House of Assembly: Wednesday, April 10, 2024


Regional Housing

Mr BELL (Mount Gambier) (15:01): My question is to the Minister for Housing and Urban Development. Can the minister inform the house of any developments in Mount Gambier to address the housing crisis we are experiencing, along with many other parts of regional South Australia?

The Hon. N.D. CHAMPION (Taylor—Minister for Trade and Investment, Minister for Housing and Urban Development, Minister for Planning) (15:01): The member would know that we have just started pouring allotments—the Office for Regional Housing, which was established as part of Renewal SA. When the government came to office, we were acutely aware that we had inherited a housing crisis not just in metropolitan South Australia or in the city, but in regional South Australia as well. It is a really huge problem right across the state. So one of the things we have done is to establish the Office for Regional Housing within Renewal SA. It would be fair to say that Renewal SA has not had a long history—or indeed its predecessor. The Land Management Corporation had had entirely city-based origins.

Members interjecting:

The Hon. N.D. CHAMPION: I hear members opposite. But Renewal SA, which previously was the Land Management Corporation, was designed, essentially, as an urban Land Management Corporation and, of course, we had a challenge in the regions and so that is why we created the Office for Regional Housing. In all my briefings with those opposite or with the parliament more generally, I think it has been an institution that has been warmly received.

We have been out in the regions. We were up in Port Augusta and we went to the beginning, the turning of the sod of four houses in Port Augusta, and the Premier had a great chat with the builders up there. Those are for police and nurses and I would have thought that would be welcomed by those opposite. We have, I think, just laid the slabs on maybe four allotments at Mount Gambier, and the member, I think, went there and had a look at the site more recently.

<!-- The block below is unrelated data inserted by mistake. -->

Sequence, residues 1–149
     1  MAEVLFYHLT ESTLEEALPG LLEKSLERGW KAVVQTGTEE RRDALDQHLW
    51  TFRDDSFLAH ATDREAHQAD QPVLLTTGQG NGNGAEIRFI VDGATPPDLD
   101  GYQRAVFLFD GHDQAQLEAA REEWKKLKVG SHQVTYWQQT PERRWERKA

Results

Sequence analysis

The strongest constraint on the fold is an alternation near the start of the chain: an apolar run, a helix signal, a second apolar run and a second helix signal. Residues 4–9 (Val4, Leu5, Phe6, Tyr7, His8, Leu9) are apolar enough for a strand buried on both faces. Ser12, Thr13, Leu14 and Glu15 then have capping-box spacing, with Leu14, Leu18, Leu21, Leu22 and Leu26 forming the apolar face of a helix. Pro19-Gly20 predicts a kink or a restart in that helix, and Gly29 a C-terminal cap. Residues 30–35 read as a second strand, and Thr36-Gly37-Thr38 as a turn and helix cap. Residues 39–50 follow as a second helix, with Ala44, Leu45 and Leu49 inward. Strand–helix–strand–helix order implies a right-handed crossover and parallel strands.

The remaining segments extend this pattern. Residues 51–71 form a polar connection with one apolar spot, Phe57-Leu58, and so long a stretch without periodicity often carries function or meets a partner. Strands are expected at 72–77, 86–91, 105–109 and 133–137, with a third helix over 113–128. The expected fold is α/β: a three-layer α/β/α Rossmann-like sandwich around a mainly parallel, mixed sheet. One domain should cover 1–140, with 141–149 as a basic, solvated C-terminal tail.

Obviously these are reasonably humble beginnings. We want to scale up the Office for Regional Housing, the purpose for us beginning with 30 houses, which has now stretched to 35 thanks to the member for MacKillop's very strong advocacy for this. The councils in his region were amongst the first to talk about the importance of regional housing. We wanted to create a model that could be scaled up and could work for the next decade, and we have set about doing that.

The other thing we have set about doing is working with local councils, following the model, the Bordertown model I think we are calling it in our conversations with other councils, because Bordertown did the right thing. They have put their money where their mouth is. They have bought a site in the centre of town. We have bought five blocks out of an initial 15 allotment release. The importance of our five allotments in that is it gets the project going. It is something of a pre-commitment to get the project going, to de-risk it for the council, and that's a very important thing.

It's a very important thing to work with local government. We have put the call out. We were on a conference call I think last month with the Local Government Association and having very good conversations with them. We want to have partnerships with regional councils. We already do as a government. I know Minister Brock talks to them on a regular basis, both through his ministerial office and just through his travels through regional South Australia. We want to work very seriously with them to boost land supply in regional South Australia. We know that land supply is a critical issue across the country and across the state.